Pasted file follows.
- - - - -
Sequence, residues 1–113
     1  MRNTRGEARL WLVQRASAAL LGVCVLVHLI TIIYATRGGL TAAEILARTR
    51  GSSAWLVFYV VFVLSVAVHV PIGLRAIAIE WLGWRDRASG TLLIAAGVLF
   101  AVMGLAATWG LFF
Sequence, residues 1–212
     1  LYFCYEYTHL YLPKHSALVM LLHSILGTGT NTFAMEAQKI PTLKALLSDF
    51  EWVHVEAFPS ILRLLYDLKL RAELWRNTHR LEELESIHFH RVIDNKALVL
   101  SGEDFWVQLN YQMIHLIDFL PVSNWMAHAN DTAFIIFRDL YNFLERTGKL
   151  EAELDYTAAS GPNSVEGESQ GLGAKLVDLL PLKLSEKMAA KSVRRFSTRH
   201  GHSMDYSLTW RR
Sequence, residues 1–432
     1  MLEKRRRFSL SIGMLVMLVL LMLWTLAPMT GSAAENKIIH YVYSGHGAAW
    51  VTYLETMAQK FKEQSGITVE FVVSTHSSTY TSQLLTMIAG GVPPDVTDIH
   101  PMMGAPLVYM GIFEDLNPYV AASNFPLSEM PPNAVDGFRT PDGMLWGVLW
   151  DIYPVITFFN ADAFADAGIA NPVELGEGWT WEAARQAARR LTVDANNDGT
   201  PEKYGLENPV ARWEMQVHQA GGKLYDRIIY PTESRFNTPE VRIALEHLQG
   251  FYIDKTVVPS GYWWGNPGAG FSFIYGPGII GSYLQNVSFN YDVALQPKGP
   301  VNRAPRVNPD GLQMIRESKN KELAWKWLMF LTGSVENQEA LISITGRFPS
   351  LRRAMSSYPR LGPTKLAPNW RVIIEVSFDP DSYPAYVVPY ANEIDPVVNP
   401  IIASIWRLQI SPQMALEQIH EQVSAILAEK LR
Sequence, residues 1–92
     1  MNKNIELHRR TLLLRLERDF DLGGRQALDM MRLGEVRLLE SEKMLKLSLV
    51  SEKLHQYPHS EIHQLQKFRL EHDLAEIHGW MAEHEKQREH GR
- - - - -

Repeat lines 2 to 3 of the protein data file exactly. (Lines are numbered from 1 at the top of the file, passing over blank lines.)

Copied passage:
     1  MRNTRGEARL WLVQRASAAL LGVCVLVHLI TIIYATRGGL TAAEILARTR
    51  GSSAWLVFYV VFVLSVAVHV PIGLRAIAIE WLGWRDRASG TLLIAAGVLF